Typology of pollution-related diseases

When we talk about pollution, we often refer to the fate of the planet: global warming, melting ice caps and other greenhouse gases effects. But what about the 5,000 children who die every day from diseases related to water, air or food pollution?

As your specialist in health related information, we are alarmingly aware of these diseases which are a crime against mankind, committed by his own hand.

Diseases caused by air pollution

If today in the world, more and more people die following the inhalation of polluted air inside their habitat (use of solid fuels, poorly ventilated houses, carbon monoxide poisoning, etc.), air pollution is responsible for nearly 400 000 annual deaths in Europe alone.

While it is difficult for researchers to positively attribute these deaths to poor air quality, it is nevertheless proven that this data now affects our life expectancy. If air pollution affects primarily our respiratory system (inflammation or even cancer, lung diseases, bronchitis, asthma or angina pectoris), chemical and biological substances can also attack our cardiovascular system, with risks of cardiac arrhythmia (arrhythmia or dysrhythmia) that can lead to a stroke or heart attack.

Even though pollution remains today a minor factor leading to cardiovascular diseases – compared to smoking, obesity or diabetes – some megacities increasingly see their emergency rooms fill up considerably during the ‘smog’ period (the thick mist due to a mixture of atmospheric pollutants).

Water pollution: a deadly plague

Unlike air pollution, whose effects on health are difficult to measure, water contamination is clearly visible and particularly harmful. In many countries, poor sanitation and near-zero water treatment cause millions of deaths each year. When water becomes impurity and simply, a poison, life is hard to sustain. There are two types of diseases related to water pollution.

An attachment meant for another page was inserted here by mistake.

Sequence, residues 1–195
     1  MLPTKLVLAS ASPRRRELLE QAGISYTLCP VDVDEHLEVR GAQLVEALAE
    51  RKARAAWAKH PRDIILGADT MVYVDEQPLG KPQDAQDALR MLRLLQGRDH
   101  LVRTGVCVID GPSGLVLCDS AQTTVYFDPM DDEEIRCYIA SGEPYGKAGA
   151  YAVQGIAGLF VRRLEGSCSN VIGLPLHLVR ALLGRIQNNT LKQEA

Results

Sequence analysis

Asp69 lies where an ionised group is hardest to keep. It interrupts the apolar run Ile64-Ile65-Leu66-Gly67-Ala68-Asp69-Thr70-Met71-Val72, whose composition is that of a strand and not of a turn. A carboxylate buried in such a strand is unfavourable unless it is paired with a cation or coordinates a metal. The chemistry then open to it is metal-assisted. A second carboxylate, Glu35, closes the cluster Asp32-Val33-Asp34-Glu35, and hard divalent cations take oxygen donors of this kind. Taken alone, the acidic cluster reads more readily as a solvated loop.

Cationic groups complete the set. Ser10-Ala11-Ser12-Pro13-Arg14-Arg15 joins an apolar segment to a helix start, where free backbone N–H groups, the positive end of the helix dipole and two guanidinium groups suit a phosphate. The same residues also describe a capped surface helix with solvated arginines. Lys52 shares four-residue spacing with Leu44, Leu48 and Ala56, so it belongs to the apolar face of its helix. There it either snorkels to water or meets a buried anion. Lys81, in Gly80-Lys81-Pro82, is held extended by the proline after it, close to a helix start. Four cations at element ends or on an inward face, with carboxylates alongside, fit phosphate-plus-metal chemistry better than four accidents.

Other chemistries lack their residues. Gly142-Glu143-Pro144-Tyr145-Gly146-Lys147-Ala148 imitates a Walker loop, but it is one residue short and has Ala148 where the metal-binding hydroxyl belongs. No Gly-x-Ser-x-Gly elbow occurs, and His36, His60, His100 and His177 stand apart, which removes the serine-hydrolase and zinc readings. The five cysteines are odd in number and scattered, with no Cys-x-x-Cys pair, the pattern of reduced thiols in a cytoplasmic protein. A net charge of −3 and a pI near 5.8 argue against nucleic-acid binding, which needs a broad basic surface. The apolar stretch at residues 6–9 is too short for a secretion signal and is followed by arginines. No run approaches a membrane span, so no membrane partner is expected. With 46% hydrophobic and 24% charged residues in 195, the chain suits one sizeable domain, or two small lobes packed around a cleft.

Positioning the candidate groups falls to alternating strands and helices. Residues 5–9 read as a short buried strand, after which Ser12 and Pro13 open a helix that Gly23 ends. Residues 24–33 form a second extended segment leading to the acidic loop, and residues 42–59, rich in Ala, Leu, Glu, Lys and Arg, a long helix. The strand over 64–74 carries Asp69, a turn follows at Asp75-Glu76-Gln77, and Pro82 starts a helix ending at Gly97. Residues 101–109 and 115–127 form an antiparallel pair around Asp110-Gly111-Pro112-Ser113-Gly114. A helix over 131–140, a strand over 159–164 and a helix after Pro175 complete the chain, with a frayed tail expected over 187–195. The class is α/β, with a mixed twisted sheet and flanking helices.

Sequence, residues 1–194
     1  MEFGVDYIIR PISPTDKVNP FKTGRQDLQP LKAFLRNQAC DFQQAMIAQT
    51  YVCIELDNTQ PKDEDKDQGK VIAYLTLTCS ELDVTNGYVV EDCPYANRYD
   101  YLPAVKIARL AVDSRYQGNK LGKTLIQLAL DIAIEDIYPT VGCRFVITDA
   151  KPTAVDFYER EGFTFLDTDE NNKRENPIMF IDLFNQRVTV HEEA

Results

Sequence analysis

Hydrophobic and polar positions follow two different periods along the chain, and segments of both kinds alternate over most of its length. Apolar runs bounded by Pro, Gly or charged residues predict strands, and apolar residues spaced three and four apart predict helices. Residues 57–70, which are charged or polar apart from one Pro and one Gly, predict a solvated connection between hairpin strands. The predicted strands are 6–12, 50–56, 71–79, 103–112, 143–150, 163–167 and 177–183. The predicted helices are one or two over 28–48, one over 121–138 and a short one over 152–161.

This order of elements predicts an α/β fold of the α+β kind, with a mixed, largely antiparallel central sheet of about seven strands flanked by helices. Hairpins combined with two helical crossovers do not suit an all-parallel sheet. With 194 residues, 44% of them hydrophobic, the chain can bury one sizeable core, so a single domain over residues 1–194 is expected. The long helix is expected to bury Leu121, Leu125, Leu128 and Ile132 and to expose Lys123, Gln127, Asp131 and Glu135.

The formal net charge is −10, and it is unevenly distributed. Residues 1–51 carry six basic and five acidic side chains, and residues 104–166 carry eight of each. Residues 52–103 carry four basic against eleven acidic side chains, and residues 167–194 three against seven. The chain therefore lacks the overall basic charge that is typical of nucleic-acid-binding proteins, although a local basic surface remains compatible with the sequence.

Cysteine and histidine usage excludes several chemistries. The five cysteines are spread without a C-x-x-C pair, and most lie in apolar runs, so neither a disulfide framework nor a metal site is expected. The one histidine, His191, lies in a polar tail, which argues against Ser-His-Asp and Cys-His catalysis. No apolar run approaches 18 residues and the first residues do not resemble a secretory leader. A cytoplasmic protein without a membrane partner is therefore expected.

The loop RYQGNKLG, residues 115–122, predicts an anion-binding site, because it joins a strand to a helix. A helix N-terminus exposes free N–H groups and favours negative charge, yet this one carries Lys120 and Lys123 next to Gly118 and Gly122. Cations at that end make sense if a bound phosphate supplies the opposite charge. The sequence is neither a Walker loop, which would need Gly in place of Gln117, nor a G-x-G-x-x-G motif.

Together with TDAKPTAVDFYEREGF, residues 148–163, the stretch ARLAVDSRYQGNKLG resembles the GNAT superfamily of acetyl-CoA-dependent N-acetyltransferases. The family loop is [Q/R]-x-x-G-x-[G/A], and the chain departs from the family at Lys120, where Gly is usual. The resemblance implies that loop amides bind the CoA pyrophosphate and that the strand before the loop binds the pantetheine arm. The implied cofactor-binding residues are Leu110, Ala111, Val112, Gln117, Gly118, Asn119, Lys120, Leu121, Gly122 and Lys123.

Those due to bacteriological, viral or parasitic pollutions, from human or animal excrement, which provoke hepatitis, cholera or typhoid. And those due to chemical pollution (pesticides, hydrocarbons, solvents, etc.), causing cancers of the skin, kidneys or lungs as well as digestive or neurological disorders.

The WHO organization estimates today to 100 billion dollars the investment necessary to allow access to drinking water to all the inhabitants of the planet. The war in Iraq, with the success we know, would have cost in total nearly 800 billion dollars in the United States, just as a side note.

Food pollution: poison on the plate

A recent experiment conducted on laboratory rats has confirmed what many have thought for quite some time: GMOs are bad for health or even deadly harmful in some cases. In addition to GMOs, other poisons are at the bottom of our plate: pesticides, nitrates, heavy metals and other dyes would cause each year nearly 220,000 deaths worldwide.

Even if the subject is controversial and its repercussions are difficult to determine in the short term, the pollutants present in our food would particularly hit the mucous membranes and the skin as well as our digestive and respiratory systems. If you do not have the means or the desire to buy organic, nevertheless think about washing your fruits and vegetables well before consuming them.

Is there anything we could do to reduce this pollution in Florida and elsewhere? As an individual you must make sure you do not produce any waste or junk that could end up polluting the soil, water or even the air. Start by doing proper waste management and recycling of your garbage items. If you need to use some Fort Myers dumpster rental in order to remove unused items in your house or office, including hazardous materials, then just do it. These are the most dangerous types of products in your waste, so make sure to hire professionals to deal with them.